Centre for Internet & Society

Nishant Shah was a speaker at the PICNIC 2010, in Amsterdam, where he made a presentation titled "Citizens in the time of Database Democracies : Information ecology and role of participatory technologies in India"

The relationship between citizenship and government informatics have historically been shaped through a series of debates around questions of citizenship, security, State-market collaborations, and right based discourse in India. Even before the information explosion caused by the emergence of digital and internet technologies, there has been a strident discourse around participatory democracy and technology mediated governance as  ways of empowering the citizen's access to rights and resources in the country. With the emergence of new technologies of storage, retrieval and dissemination, these expectations have become more visible.  The Indian Government has officially accepted the transition to become a S.M.A.R.T.  (Simple, Moral, Accountable, Responsible and Transparent) State, with the rise of  'Netizens' who, in their access to new digital and internet technologies will change the very shape and structure of governance. 

However, as the digital infrastructure develops and new kinds of citizen services and consumption come to the fore, battle-lines are being drawn between stakeholders. On the one hand are those who believe that this might be the opening of a Pandora’s Box for a country like India where a stark digital divide might create great inequality in citizens' access to State services and resources, producing unjust and discriminatory structures based on access, bandwidth and education. . On the other hand are those who celebrate the need for transparency, participation and access to governmentality that these e-governance initiatives usher in, addressing long standing questions of plutocratic governance, bureaucratic systems of denial of rights and widespread corruption.  Both the warring factions draw upon partial data – of failed attempts and projects by different government initiatives to pilot studies initiated by different government and civil society organisations respectively – to make their arguments for and against the emergence of a 'Database Democracy' .premised on participatory politics facilitated by new media practices in the country.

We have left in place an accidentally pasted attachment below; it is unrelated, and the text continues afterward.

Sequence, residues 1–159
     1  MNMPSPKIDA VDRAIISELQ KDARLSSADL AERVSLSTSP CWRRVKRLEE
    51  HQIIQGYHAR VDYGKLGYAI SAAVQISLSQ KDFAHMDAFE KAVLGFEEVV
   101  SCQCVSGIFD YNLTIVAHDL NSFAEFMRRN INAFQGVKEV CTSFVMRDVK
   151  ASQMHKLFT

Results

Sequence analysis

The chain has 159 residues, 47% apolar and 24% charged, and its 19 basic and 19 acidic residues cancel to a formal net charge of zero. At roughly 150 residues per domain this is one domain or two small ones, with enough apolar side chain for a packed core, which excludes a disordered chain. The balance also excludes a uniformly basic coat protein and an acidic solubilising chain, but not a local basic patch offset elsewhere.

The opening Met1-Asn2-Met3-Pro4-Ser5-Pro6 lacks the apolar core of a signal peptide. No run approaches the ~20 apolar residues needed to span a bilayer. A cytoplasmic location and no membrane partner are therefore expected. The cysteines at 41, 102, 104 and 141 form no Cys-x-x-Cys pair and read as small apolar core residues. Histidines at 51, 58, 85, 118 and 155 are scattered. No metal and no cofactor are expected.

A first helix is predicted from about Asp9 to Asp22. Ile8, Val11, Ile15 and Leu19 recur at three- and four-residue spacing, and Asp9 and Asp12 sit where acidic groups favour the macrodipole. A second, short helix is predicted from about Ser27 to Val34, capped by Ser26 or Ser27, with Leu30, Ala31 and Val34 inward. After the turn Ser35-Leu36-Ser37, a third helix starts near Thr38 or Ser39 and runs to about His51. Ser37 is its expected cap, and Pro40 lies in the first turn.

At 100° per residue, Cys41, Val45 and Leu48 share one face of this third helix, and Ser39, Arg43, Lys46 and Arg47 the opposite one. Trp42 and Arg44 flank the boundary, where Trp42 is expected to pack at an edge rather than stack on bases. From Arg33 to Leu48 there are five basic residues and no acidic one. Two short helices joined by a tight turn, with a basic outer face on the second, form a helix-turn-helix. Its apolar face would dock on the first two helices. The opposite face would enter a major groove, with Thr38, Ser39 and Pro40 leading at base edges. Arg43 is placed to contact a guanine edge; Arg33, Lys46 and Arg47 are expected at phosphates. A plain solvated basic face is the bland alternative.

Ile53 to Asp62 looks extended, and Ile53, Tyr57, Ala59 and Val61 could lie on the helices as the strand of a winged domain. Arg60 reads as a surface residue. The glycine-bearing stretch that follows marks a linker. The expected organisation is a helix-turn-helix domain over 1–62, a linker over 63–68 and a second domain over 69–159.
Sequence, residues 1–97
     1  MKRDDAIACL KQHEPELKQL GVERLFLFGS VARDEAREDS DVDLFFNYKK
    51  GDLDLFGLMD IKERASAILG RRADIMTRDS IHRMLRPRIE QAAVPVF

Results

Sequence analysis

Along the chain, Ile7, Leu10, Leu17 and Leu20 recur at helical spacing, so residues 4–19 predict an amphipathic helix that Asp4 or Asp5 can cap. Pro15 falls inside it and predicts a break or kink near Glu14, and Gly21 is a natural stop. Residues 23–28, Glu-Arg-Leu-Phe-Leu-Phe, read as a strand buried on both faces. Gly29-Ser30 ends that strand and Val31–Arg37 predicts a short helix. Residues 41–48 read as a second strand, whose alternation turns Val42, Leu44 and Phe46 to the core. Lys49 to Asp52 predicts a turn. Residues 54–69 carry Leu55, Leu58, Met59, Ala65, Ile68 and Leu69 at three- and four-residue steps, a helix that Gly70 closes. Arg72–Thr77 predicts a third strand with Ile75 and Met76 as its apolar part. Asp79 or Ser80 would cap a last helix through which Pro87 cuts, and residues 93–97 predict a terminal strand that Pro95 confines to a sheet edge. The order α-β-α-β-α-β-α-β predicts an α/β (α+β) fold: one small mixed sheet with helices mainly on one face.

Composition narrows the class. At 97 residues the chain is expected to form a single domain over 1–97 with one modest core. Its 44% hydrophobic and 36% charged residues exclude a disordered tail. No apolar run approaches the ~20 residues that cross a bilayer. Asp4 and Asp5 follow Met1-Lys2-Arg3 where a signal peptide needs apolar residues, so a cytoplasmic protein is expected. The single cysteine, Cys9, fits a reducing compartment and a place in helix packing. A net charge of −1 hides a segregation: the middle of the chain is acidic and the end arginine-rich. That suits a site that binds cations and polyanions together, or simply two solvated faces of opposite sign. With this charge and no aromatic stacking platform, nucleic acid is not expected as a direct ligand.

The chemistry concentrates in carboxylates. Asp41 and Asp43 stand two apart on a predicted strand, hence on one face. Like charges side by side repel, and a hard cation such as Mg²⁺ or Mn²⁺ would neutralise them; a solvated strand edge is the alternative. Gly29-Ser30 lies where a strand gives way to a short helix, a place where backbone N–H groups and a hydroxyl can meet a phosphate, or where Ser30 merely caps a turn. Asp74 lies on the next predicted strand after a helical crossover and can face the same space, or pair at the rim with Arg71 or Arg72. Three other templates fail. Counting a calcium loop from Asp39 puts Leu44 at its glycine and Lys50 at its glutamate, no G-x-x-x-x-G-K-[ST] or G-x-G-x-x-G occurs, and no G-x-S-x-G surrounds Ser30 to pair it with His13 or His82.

Especially with the current rolling out of a Unique Identity Project (named Aadhar – The Hindi word for ‘Support’) these discussions have become more severe and the arguments have become angrier. It is not only timely but also necessary to examine the ecology of participatory technologies and processes in the country in order to look at the different sides of the debates and explore the role that new media practitioners and stakeholders  would play in efficiently and responsibly establishing a protocol of open and transparent governance structures without compromising either the privacy, rights or safety of the citizens. This presentation explores the project Aadhar as symptomatic of a changing relationship between the State and its Citizens mediated by ICT technologies and stakeholders, to look at the ways in which new Citizenships are being forged in emerging information societies like India.


More news about the panel on Future of Journalism, arranged by the European Journalism Commission, is available at



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